Skin contamination by alpha-emitting actinides is a risk to workers during nuclear fuel production and reactor decommissioning. Also, the list of items for potential use in radiological dispersal devices includes plutonium and americium. The actinide chemical form is important and solvents such as tributyl phosphate, used to extract plutonium, can influence plutonium behavior. This study investigated skin fixation and efficacy of decontamination products for these actinide forms using viable pig skin in the Franz cell diffusion system. Commonly used or recommended decontamination products such as water, cleansing gel, diethylenetriamine pentaacetic acid, or octadentate hydroxypyridinone compound 3,4,3‐LI(1,2‐HOPO), as well as diethylenetriamine pentaacetic acid hydrogel formulations, were tested after a 2‐h contact time with the contaminant. Analysis of skin samples demonstrated that more plutonium nitrate is bound to skin as compared to plutonium-tributyl phosphate, and fixation of americium to skin was also significant. The data show that for plutonium-tributyl phosphate all the products are effective ranging from 80 to 90% removal of this contaminant. This may be associated with damage to the skin by this complex and suggests a mechanical/wash-out action rather than chelation. For removal of americium and plutonium, both Trait Rouge cleansing gel and diethylenetriamine pentaacetic acid are better than water, and diethylenetriamine pentaacetic acid hydrogel is better than Osmogel. The different treatments, however, did not significantly affect the activity in deeper skin layers, which suggests a need for further improvement of decontamination procedures. The new diethylenetriamine pentaacetic acid hydrogel preparation was effective in removing americium, plutonium, and plutonium-tributyl phosphate from skin; such a formulation offers advantages and thus merits further assessment.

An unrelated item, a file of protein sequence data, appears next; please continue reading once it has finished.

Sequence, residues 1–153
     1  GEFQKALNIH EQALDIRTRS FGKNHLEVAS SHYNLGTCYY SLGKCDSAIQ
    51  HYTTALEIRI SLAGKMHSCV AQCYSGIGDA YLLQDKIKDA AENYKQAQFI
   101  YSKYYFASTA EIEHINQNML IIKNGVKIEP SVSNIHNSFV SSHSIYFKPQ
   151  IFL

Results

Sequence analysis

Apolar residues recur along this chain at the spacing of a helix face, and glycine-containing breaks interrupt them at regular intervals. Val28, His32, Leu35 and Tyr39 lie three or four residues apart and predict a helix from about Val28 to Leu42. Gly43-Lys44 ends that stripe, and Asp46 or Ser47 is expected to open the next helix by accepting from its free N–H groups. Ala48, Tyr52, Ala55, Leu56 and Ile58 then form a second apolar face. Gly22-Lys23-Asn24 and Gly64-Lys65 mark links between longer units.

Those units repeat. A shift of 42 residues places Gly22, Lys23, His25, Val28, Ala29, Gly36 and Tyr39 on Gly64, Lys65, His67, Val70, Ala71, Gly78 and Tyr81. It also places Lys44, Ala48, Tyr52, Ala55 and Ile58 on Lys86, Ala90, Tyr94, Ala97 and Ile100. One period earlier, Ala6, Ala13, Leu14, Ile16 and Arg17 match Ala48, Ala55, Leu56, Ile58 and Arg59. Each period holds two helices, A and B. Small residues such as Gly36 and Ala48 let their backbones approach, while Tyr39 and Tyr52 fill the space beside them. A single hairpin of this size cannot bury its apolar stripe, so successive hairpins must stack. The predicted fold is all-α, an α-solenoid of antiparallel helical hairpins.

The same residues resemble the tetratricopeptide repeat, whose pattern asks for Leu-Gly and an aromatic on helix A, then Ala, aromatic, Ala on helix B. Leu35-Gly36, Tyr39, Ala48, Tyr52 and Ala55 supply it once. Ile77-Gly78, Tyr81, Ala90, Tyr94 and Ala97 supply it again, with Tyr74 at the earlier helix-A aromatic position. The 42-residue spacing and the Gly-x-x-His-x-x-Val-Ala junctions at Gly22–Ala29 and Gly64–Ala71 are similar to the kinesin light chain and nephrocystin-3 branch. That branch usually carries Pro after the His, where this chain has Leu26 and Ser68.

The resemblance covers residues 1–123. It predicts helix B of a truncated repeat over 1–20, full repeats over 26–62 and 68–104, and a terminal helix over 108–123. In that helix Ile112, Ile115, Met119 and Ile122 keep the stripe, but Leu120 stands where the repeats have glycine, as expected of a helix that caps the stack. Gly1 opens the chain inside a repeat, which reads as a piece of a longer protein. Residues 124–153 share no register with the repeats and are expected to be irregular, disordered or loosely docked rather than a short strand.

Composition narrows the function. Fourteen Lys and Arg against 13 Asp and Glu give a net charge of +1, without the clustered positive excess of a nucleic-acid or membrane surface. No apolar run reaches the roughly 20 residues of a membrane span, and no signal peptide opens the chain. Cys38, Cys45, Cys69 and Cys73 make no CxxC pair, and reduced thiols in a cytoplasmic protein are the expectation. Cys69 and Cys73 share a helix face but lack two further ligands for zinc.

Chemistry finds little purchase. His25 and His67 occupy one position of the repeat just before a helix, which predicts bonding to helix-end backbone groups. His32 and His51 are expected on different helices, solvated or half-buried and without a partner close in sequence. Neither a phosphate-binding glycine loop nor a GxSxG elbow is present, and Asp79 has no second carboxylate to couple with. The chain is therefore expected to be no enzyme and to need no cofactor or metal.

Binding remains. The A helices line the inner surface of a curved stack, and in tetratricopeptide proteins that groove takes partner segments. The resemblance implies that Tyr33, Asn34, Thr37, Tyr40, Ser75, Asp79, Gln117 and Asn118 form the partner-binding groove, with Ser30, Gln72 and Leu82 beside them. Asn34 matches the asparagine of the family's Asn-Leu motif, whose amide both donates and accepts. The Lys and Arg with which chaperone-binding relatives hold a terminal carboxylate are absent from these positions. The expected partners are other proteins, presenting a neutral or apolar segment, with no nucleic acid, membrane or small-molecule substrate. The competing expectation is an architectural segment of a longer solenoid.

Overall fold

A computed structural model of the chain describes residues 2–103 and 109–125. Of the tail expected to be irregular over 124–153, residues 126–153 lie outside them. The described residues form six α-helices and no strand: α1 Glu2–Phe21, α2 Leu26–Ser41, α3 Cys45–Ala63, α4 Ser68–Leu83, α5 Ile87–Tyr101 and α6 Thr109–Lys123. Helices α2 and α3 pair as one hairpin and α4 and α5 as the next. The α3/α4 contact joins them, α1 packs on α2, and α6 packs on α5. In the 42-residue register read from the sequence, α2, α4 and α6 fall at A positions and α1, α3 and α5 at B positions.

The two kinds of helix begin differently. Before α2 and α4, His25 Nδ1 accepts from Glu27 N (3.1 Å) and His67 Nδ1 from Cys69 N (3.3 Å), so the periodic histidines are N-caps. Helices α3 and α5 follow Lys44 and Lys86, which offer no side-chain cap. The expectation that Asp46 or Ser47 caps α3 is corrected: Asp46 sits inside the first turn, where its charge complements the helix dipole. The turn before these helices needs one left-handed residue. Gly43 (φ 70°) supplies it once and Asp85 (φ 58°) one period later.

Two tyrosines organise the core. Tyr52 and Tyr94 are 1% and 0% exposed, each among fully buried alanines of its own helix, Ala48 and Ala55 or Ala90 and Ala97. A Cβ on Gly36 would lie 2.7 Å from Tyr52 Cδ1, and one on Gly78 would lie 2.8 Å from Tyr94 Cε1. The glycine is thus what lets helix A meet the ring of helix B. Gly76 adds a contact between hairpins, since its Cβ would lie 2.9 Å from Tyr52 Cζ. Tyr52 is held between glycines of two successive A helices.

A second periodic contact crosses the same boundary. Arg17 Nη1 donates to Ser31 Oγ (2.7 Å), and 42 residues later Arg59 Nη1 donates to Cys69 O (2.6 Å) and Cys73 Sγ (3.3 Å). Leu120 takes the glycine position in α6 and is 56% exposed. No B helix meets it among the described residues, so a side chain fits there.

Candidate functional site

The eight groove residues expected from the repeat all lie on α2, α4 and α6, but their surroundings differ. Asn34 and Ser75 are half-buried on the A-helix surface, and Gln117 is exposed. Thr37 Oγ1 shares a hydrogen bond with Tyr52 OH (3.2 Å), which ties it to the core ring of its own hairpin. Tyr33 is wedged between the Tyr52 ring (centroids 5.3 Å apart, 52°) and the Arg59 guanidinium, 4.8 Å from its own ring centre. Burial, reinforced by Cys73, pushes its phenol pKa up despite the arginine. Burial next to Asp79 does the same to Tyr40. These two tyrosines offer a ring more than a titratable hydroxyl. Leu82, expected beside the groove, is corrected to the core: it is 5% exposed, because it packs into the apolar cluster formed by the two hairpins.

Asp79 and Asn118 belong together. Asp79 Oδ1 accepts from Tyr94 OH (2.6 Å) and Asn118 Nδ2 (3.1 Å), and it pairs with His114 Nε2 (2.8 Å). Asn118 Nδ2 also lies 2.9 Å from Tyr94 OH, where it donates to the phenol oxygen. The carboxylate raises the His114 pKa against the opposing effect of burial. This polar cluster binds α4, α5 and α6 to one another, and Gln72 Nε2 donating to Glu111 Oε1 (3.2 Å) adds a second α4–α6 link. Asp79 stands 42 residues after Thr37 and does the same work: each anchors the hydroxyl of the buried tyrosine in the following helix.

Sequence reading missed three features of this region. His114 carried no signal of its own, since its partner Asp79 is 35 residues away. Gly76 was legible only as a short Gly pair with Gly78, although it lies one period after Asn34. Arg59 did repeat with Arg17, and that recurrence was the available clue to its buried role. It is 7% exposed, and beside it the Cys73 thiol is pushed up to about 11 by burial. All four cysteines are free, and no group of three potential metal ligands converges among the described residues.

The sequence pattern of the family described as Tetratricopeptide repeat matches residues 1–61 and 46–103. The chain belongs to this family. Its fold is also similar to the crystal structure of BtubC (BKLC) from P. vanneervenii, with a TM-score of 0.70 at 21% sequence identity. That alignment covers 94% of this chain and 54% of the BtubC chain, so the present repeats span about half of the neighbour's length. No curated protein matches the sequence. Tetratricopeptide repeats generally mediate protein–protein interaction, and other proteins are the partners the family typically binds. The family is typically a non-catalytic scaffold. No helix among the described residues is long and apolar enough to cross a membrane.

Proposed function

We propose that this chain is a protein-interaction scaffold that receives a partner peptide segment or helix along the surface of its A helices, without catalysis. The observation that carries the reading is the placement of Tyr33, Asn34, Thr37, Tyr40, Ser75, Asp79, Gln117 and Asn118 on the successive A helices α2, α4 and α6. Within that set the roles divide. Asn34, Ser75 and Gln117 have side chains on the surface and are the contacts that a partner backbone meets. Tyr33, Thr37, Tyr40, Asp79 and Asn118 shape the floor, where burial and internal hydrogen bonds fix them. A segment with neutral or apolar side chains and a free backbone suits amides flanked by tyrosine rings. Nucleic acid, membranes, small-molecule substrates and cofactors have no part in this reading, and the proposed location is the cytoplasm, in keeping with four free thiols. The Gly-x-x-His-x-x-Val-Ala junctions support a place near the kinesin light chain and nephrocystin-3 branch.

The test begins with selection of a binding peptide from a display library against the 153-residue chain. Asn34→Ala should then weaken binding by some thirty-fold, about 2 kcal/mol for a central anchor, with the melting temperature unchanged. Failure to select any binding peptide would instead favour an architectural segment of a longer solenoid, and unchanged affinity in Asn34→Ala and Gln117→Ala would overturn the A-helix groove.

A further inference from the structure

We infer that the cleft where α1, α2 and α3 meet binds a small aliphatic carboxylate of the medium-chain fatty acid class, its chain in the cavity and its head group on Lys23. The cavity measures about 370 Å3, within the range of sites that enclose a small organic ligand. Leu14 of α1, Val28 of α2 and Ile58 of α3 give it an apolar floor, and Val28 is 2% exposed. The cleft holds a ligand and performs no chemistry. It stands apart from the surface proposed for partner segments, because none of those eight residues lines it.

1Laboratoire de Radio Toxicologie, CEA, Université Paris-Saclay, 91297 Arpajon, France;
2Université de Lyon, F‐69008, Lyon, France and Laboratoire de Dermopharmacie et Cosmétologie, Laboratoire d’Automatique et de Génie des Procédés (LAGEP), UMR CNRS 5007, 8, Avenue Rockefeller, 69373 Lyon Cedex 08, France;
3Pharmacie Centrale des Armées, 45404 Fleury les Aubrais Cedex, France.
The authors declare no conflicts of interest.
For correspondence contact: N.M. Griffiths, Laboratoire de Radio Toxicologie, CEA, Université Paris-Saclay, 91297 Arpajon, France, or email at firstname.lastname@example.org.
(Manuscript accepted 26 October 2017)